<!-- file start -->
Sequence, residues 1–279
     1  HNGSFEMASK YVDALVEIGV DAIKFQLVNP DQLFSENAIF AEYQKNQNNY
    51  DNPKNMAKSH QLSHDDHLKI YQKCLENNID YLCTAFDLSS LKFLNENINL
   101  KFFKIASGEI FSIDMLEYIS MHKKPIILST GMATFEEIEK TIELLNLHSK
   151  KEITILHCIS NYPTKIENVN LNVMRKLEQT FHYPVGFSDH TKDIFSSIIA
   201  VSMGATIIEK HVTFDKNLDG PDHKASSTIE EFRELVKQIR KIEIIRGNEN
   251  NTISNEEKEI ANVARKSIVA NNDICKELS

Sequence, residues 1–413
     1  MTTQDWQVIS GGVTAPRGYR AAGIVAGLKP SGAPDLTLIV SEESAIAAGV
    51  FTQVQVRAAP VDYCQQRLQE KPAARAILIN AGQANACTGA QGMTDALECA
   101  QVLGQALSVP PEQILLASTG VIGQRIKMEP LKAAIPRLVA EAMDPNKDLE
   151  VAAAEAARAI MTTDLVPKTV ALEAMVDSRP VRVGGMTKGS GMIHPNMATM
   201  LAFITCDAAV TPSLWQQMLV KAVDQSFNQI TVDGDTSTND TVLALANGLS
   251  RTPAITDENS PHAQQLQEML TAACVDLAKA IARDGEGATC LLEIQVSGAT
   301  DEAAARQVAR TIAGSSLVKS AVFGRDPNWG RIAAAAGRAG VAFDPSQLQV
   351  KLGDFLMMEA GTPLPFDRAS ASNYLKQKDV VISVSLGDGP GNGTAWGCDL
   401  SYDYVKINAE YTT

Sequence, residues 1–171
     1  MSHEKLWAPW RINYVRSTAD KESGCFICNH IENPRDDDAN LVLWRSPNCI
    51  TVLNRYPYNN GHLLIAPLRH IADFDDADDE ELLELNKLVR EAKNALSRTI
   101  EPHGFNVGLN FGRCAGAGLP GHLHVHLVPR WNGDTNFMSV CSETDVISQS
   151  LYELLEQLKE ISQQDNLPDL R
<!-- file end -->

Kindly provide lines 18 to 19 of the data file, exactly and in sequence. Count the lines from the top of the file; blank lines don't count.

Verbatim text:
Sequence, residues 1–171
     1  MSHEKLWAPW RINYVRSTAD KESGCFICNH IENPRDDDAN LVLWRSPNCI